The GPL has been piloting ACM across the country and adapting the model to fit agency need. In Rhode Island, the Department of Children, Youth, and Family (DCYF) organizes monthly ACM meetings with leadership from its four family preservation service providers. Issues raised in these meetings are addressed through ad hoc working groups consisting of agency and provider staff. In Seattle, the city’s Human Services Department (HSD) tracks progress on six key homelessness metrics. Its ACM strategy uses three types of meetings: monthly data sharing and contract check-ins between HSD and service providers, quarterly internal ACM meetings to discuss trends, and quarterly executive meetings between HSD and service providers to review performance.
LAHSA is implementing ACM across all 88 direct providers and 400+ homeless services contracts in Los Angeles County. Given the scale of the project, the ACM model has been adapted to accommodate LAHSA’s needs. In January 2018, LAHSA restructured its organization to build a department dedicated to performance management. The Performance Management Division hired a team of thirteen, with ten analysts, two supervisors, and one manager responsible for implementing ACM at LAHSA. LAHSA has developed individual dashboards for the three primary program components: crisis housing, bridge housing, and rapid rehousing. The dashboards are populated by the Performance Analysis and Reporting (PAR) team and utilized by the Performance Management team (PM).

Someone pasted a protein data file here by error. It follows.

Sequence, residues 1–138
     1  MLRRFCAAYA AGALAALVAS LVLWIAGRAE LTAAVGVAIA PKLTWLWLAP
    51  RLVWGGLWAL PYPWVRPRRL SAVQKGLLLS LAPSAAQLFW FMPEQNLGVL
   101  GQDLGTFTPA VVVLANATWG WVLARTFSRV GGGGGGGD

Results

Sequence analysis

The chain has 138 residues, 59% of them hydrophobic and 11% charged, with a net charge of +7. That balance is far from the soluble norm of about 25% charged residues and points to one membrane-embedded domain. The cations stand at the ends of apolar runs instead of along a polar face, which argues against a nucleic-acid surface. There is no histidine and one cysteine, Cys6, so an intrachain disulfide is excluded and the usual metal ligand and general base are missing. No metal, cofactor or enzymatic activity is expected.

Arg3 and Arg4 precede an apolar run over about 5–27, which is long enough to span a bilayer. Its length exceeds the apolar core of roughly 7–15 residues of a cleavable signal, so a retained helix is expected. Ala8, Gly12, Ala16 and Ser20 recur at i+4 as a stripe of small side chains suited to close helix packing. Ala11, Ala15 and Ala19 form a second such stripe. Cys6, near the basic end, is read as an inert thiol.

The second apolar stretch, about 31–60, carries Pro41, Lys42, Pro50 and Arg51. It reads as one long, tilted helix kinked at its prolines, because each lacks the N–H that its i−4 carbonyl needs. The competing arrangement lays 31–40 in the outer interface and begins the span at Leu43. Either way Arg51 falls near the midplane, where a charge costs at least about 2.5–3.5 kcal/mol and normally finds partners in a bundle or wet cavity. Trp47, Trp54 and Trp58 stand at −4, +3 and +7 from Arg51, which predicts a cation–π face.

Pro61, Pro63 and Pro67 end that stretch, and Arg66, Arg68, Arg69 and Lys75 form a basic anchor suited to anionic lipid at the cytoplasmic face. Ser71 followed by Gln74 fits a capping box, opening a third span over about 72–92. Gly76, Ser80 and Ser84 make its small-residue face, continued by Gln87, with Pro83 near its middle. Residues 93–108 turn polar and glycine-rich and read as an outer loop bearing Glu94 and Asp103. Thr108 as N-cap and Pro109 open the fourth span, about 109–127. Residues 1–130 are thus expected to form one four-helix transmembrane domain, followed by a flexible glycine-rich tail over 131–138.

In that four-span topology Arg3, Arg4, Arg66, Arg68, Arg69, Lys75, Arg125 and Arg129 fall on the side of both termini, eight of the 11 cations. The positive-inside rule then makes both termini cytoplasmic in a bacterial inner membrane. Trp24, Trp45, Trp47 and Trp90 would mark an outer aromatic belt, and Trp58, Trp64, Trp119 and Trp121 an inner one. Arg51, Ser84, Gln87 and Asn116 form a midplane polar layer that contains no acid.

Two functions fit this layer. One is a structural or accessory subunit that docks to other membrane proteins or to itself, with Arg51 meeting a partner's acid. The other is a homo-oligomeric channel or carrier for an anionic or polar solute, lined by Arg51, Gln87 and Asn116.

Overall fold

LAHSA’s ACM strategy consists of the following features:
LAHSA uses Tableau to create dashboards that are used to review trends by provider and program component. For each program component (crisis housing, bridge housing, and rapid rehousing), there is one dashboard that portrays aggregated data as well as individual provider performance. Dashboards are updated by the PAR team monthly, allowing for the PM team to review trends on a short time horizon.
2. Performance Summaries
The PM team utilizes the dashboard to develop individual monthly summaries. Monthly summaries include enrollment and exit figures, as well as progress on outcomes targets. These summaries are sent to individual providers along with an overall system summary for comparison. The summaries serve as a starting point for troubleshooting agency performance.
3. Data Analysis
Based on initial trends observed in the dashboards, the PM team conducts deeper dive analyses every month, focusing on a specific topic to present at the ACM internal meeting. Topics may center on priority scores, length of stay, or progress towards performance targets, among other topics. This process helps to uncover agencies which may need additional support or which are performing well outside of contractual performance targets.